All Saints Yatesbury

Yatesbury

Yatesbury is the highest parish in the Benefice at 210m above sea level and has probably been the site of human habitation since the Romano-British times and a bronze age earthworks has been found in the southern corner of the parish, possible a cursus. In the 9th century Yatesbury was believed to have been held by the king and formed part of the royal estate but by the 11th century it is likely that Yatesbury belonged to Calne church. It is believed that in the early middle ages most of the demesne split away from Yatesbury manor and became two manors, each with their own buildings, one east of the village and one to the west. The western manor was known as Westcourt and Yatesbury Manor probably stands on the site of it's principal farmstead. Yatesbury airfield was in use during the first Wold War and again in1936. In about 1938 a large hutted RAF camp was built on the Cherhill - Yatesbury boundaryto the south east of the airfiled and a signals school was built south west of Windmill Hill. The station was closed in 1964 and by 1969 the buildings of the camp had been removed and by 1972 Wiltshire Council had restored most of the land back to agricultural use.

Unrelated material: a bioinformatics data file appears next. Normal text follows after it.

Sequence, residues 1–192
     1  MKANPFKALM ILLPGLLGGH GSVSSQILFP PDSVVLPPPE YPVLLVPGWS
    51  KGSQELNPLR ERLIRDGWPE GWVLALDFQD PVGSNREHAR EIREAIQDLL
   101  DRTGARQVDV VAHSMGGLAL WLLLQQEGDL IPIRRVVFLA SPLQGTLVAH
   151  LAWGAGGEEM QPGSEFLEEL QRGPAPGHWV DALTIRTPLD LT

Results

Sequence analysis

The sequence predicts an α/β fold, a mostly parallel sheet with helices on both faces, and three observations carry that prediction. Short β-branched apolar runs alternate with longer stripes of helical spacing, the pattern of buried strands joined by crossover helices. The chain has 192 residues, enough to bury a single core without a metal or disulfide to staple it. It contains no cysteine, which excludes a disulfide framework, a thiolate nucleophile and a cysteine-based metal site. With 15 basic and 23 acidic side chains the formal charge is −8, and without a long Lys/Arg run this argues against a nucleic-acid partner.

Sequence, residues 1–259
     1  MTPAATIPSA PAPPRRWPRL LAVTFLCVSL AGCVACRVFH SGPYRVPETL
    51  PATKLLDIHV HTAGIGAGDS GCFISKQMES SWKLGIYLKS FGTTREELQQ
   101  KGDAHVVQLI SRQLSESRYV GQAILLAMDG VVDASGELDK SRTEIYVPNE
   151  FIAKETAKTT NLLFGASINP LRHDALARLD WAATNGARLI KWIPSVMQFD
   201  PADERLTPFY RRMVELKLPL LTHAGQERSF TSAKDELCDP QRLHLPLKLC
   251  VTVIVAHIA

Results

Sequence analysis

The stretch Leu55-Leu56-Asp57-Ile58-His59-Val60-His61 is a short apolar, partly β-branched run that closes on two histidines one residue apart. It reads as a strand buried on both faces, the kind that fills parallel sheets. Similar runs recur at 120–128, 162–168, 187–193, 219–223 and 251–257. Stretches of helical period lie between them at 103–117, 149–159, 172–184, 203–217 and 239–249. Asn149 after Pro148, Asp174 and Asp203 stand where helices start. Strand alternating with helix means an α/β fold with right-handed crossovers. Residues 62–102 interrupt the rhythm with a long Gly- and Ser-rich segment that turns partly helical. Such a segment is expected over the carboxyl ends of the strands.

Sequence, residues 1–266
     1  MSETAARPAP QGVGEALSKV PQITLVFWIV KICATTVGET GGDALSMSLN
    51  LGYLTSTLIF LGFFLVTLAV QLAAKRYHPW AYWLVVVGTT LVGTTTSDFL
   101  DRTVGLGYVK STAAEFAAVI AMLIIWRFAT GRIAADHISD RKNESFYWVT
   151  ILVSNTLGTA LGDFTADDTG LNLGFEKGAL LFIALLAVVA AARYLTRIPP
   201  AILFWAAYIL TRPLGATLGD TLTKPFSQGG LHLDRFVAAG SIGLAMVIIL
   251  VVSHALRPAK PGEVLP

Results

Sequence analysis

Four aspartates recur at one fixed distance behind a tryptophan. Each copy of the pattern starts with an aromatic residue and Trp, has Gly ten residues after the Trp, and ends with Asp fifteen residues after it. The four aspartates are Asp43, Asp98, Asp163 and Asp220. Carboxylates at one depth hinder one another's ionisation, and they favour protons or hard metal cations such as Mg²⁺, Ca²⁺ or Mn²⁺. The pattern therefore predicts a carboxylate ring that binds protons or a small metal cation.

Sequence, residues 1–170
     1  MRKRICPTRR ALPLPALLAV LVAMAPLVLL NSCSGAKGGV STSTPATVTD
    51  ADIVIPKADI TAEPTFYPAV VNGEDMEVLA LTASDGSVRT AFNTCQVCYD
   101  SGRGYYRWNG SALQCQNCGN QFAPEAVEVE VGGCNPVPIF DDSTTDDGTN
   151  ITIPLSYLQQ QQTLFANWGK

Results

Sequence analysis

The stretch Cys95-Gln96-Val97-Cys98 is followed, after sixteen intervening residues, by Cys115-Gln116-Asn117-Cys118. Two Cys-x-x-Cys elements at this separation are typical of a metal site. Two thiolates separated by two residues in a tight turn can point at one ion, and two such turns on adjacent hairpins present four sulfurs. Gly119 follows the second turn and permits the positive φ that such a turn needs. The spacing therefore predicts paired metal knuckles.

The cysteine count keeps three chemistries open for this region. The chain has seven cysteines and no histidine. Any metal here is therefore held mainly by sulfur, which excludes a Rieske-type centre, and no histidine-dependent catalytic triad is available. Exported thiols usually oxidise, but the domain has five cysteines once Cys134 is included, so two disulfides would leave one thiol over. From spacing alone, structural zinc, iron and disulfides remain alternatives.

Yatesbury Church

Yatecbury church was standing in the 13th century and may even date back as far as the 12th century. It was served by a rector in the 13th century and remained a rectory until the formation of the Benefice in 1973. In 1305 the church was also served by a vicar although no reference of a vicar in the parish can be found after 1362. The church appears to have been named All Saints in 1763. The animal head stops in the recessed door way are 12th century and are the oldest masonary in the church. The present nave with north and south aisles was built in 14th century. In the 15th century the south aisle was demolished and just the central bay of the arcade was spared. The doorway bearing the 12th century stops was set into this remaining bay. The tower was also built at this time. In 1854 the church was restored and the chancel, which by then had a ceiling was rebuilt with the vestry and in a 14th century style the chancel arch was enlarged and the whole church was repaired and refitted. Three bells were hung in the tower in 1553, in 1773 a further one was cast and hung and the fifth was added in 1931.

In 1951 the parishes of Cherhill and Yatesbury were joined under the same Rector until 1972 before becoming part of the Benefice in 1973.

Please take a tour round this most pictureseque of churches by clicking on the You Tube link below.

 

 

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